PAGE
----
Support our mission
 
South Korean students have lunch with U.S. soldiers at the Kilbourne Dining Facility on Camp Red Cloud, Friday. Keuktong University sponsored the trip for the high school and college-aged students, who were also scheduled to try out the tactical vehicle simulators at Camp Casey.
South Korean students have lunch with U.S. soldiers at the Kilbourne Dining Facility on Camp Red Cloud, Friday. Keuktong University sponsored the trip for the high school and college-aged students, who were also scheduled to try out the tactical vehicle simulators at Camp Casey. (Erik Slavin / S&S)
South Korean students have lunch with U.S. soldiers at the Kilbourne Dining Facility on Camp Red Cloud, Friday. Keuktong University sponsored the trip for the high school and college-aged students, who were also scheduled to try out the tactical vehicle simulators at Camp Casey.
South Korean students have lunch with U.S. soldiers at the Kilbourne Dining Facility on Camp Red Cloud, Friday. Keuktong University sponsored the trip for the high school and college-aged students, who were also scheduled to try out the tactical vehicle simulators at Camp Casey. (Erik Slavin / S&S)
A South Korean student receives lunch at the Kilbourne Dining Facility on Camp Red Cloud on Friday.
A South Korean student receives lunch at the Kilbourne Dining Facility on Camp Red Cloud on Friday. (Erik Slavin / S&S)

CAMP RED CLOUD, South Korea — A group of South Koreans students learned Friday that American soldiers don’t spend all day huddled in bunkers with their rifles.

That mental image and a few others went into revision among the 23 high school and college-age students and 10 faculty members who toured camps Red Cloud and Casey during a trip sponsored by Keuktong University.

“I actually thought the soldiers would be not so kind to us. They have a really strict image,” said Lee Won-jik, 16, who was nicknamed “Scott” for the day. “When I actually came here though, they were really friendly to us.”

The students were welcomed by 2nd Infantry Division commander Maj. Gen. James Coggin on Friday morning before touring the 2nd ID museum.

They then received a briefing and watched a short film at Freeman Hall before heading to the Kilbourne Dining Facility.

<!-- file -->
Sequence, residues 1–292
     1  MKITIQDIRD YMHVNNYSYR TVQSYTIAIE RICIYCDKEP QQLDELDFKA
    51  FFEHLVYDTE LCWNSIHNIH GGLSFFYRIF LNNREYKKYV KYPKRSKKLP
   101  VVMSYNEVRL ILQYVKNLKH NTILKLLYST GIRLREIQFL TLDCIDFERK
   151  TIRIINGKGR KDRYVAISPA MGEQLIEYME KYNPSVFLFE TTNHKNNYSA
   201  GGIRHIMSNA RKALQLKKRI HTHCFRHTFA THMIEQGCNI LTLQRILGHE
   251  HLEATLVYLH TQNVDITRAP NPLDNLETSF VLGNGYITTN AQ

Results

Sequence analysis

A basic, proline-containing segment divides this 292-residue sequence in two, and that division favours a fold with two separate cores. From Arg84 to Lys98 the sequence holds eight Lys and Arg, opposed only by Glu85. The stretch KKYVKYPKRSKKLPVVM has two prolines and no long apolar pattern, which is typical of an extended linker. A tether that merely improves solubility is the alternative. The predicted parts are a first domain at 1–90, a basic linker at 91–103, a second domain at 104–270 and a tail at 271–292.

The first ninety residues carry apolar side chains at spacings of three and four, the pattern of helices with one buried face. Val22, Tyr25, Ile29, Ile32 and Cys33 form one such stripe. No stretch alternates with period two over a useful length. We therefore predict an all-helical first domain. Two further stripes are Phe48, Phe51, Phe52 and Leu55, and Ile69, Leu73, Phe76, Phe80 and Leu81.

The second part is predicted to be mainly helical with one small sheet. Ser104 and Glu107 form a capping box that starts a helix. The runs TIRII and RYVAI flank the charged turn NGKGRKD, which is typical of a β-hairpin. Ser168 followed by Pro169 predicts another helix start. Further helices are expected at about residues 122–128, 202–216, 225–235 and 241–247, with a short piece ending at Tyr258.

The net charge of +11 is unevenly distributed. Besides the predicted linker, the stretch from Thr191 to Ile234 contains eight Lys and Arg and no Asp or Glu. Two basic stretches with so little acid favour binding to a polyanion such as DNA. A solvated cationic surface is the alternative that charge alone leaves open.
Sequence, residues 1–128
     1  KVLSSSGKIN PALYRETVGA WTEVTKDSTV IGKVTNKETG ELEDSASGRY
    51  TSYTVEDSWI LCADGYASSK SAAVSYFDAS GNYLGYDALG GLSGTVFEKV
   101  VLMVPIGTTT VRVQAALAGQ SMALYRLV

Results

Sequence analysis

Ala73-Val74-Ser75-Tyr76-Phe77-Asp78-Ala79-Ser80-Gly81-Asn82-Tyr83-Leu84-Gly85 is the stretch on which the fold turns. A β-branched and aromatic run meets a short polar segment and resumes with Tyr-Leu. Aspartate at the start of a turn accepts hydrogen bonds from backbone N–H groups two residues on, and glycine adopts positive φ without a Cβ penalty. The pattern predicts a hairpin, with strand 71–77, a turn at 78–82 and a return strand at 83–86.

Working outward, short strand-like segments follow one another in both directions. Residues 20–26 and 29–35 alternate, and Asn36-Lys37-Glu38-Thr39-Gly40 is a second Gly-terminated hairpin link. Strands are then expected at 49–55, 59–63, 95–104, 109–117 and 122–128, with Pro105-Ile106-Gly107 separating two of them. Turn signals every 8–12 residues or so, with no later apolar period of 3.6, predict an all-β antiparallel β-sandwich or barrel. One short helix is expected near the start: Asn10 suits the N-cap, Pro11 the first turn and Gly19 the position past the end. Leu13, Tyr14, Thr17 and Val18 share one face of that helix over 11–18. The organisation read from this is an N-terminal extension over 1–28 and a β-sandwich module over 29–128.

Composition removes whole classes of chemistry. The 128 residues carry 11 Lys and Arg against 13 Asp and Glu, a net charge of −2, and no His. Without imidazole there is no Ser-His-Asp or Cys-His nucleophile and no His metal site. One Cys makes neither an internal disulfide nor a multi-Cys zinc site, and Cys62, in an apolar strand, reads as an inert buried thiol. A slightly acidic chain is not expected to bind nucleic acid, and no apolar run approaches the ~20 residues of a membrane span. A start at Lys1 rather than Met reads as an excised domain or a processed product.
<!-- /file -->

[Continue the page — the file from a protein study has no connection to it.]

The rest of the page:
The chicken and ribs got thumbs up from most, while several of them added a helping of kimchi on the side.

A few of the soldiers introduced the students to the wonders of “brain freeze,” courtesy of the fruit smoothie machine.

Several students said they had visited Yongsan Garrison in Seoul as part of the university- sponsored program. However, Camp Red Cloud had a decidedly different feel, some said.

“I thought everybody here would be American,” said Lee Ming-gu, 16. “I was quite surprised to see a lot of Koreans here, compared to other bases.”

Prior to visiting the bases, Lee said he had some “dark images” of American servicemembers. Those associations were changing, he said — which 2nd ID officials say is precisely the point of organized trips like this one.

Several of the students seemed fascinated by the different patches and badges worn by soldiers like Pfc. Carla Cordova, of 2nd ID’s headquarters company.

Once they got past the uniform, they came up with more personal questions.

“They asked me what is was like to be a woman in the Army, and they asked what we do for fun,” said. “They thought all we do is training and shooting weapons.”

The visit also got some of the boys thinking about their mandatory national service, usually started at 20 in either the South Korean military or police force.

A gig as a Korean Augmentee to the U.S. Army, or KATUSA, didn’t sound so bad to “Scott” Lee.

“If there is still a base like this, I would try to,” Lee said.

Migrated
twitter Email

stars and stripes videos


around the web


Sign Up for Daily Headlines

Sign-up to receive a daily email of today’s top military news stories from Stars and Stripes and top news outlets from around the world.

Sign up